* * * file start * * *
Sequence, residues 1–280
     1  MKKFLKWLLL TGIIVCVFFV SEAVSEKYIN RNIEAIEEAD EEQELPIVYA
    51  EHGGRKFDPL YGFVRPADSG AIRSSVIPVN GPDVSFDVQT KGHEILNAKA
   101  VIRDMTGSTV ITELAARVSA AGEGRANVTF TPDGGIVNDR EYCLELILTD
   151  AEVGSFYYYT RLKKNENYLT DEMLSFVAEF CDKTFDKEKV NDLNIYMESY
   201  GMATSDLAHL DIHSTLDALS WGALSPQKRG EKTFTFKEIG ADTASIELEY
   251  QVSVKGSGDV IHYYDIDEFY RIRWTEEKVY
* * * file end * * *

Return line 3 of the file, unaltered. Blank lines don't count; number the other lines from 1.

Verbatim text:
    51  EHGGRKFDPL YGFVRPADSG AIRSSVIPVN GPDVSFDVQT KGHEILNAKA